Nepal (MNN) — Nepal and India have moved forward to restore ties after months of a crippling blockade. Asian Access National Director for Nepal, Sundar Thapa, says the impact was immediate and severe. “They have a shortage of food, no electricity, no fuel, no medication, and all the schools are closed.”
In fact, the Nepalese Prime Minister went to India last month to “clear the misunderstanding” between the nations. His main objective was to restore ties between the two countries, which had been strained in the wake of Nepal’s new Constitution. “People are really suffering, and people are losing hope. India keeps pressuring [Nepal] to bring back the Hindu state again,” explains Thapa. India had even delivered a list of seven amendments to make the constitution friendlier to their interests. Again, Thapa says, “India’s biggest concern is to make Nepal a Hindu kingdom.”
The scope of the economic disruption in Nepal underscored its vulnerability; and when the Himalayan nation fell into crisis, it only further inflamed anti-India sentiment. Without enough fuel, deliveries of food and shelter to vulnerable communities stopped. Schools, markets, and transportation routes have been closed for months. Thapa says, “I see people in miserable conditions. People have to walk 4 days, 5 days, even 10 days because there is no public transportation.”
As tensions with India mounted, China reopened its border with Nepal in Tibet. Some goods trickled through, but the pass between China and Nepal is mountainous and difficult to navigate. China also didn’t want to challenge India over Nepal, so wasn’t motivated to supply Nepal’s demands.
Then, as mysteriously as it began, it ended. The borders re-opened on February 3, 2016. Even with signs pointing to an end, it will take time for Nepal to recover from the impact of the blockade.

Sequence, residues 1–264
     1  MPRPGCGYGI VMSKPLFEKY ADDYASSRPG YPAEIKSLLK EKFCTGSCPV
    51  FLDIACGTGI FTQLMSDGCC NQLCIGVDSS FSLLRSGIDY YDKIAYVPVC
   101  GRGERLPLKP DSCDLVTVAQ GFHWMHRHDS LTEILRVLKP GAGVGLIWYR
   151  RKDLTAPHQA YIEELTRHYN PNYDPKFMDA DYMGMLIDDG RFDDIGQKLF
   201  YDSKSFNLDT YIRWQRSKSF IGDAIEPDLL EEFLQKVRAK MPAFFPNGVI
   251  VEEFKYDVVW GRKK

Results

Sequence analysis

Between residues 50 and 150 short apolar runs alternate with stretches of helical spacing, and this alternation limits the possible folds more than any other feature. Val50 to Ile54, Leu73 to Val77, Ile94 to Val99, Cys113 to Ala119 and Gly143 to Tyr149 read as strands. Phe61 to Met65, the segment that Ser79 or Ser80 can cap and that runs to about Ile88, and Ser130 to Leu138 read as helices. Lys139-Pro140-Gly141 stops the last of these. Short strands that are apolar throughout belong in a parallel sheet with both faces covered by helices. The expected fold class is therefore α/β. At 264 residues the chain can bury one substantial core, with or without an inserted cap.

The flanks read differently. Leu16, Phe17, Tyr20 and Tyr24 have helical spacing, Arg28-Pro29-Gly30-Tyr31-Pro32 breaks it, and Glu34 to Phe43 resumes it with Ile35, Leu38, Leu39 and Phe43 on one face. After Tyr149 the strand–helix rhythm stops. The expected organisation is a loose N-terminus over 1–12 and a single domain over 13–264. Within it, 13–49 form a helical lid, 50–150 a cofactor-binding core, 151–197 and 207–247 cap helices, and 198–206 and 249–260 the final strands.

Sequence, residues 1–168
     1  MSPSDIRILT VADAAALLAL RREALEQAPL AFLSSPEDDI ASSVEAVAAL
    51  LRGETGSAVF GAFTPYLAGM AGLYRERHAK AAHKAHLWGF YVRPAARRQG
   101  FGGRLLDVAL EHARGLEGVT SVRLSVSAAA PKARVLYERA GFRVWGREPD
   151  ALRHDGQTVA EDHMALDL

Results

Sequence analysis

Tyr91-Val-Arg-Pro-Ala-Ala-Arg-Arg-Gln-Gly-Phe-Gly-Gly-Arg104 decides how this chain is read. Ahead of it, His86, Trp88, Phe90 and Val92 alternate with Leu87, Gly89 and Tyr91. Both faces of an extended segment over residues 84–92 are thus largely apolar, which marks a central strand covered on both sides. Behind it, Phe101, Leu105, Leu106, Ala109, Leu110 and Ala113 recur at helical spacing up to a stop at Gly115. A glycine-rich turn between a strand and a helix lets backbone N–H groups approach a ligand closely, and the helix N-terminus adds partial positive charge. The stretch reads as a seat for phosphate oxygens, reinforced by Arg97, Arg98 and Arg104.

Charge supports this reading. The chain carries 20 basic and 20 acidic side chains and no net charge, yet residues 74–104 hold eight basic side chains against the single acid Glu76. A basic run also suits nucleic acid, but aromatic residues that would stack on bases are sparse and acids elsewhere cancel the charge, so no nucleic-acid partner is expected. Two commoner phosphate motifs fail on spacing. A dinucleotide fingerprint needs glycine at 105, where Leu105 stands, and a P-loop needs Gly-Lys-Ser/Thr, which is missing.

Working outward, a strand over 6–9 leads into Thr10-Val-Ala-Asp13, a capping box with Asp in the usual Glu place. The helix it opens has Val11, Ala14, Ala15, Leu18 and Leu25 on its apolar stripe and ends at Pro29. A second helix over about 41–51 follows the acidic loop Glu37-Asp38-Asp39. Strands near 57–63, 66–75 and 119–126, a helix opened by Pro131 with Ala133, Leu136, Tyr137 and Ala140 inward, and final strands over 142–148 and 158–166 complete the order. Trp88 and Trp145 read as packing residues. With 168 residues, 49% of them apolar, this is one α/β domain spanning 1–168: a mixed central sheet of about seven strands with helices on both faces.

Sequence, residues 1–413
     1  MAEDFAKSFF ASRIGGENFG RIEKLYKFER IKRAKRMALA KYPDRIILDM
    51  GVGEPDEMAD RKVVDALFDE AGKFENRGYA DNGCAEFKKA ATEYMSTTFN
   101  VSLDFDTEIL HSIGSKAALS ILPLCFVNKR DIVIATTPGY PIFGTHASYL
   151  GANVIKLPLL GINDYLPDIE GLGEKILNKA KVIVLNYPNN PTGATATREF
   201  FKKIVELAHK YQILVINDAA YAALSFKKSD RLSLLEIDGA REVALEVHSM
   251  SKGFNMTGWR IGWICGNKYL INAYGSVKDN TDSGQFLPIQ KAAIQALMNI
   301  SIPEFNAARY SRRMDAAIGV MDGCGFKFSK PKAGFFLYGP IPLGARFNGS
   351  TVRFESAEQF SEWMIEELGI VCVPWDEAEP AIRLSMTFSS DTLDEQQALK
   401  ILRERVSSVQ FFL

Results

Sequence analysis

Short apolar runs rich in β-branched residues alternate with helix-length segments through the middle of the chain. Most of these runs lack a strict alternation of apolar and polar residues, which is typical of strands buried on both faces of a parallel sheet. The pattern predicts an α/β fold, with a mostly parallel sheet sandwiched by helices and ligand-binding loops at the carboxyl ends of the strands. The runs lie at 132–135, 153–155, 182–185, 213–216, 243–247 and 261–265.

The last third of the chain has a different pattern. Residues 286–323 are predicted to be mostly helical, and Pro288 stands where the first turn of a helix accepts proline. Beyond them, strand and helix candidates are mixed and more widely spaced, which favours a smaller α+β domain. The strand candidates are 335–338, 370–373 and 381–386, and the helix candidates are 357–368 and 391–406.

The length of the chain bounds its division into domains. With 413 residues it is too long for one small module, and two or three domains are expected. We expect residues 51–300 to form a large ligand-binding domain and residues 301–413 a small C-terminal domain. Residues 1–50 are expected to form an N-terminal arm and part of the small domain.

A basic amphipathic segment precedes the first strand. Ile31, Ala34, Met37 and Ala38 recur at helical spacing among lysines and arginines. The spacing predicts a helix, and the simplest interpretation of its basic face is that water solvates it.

In spite of the April 2015 earthquake, Nepal’s economy was still looking forward to a recovery. However, that hope was quickly dashed. As the blockade dragged on, factories began closing. People lost jobs. Recession now looms. New priorities have emerged. “Having all these worldly things, they find no hope except in Jesus; so the churches in Nepal are growing fast,” says Thapa. “Now we are in the process of developing qualified leaders to handle the situation here.”
In the months since the blockade began, he says there has also been a marked increase in harassment and oppression for Christians. In a time when national identity has played a huge role in international politics, misinformation has plagued church workers. “Christianity is a ‘western’ religion. They could not colonize in the past, so through Christianity, they’re trying to colonize Nepal. That’s what the belief is. So Christians in Nepal suffer a lot psychologically, politically, socially. From every side, they are pressured.”
Asian Access Nepal is working to strengthen the body of Christ while also preparing future leaders to lead the country and churches. When believers ask how they can help, Thapa says, “They can pray. Secondly, they can be helpful in the resources. Thirdly, they can come and visit us and encourage us, and bring the sense of global unity–our brothers and sisters are behind us.”
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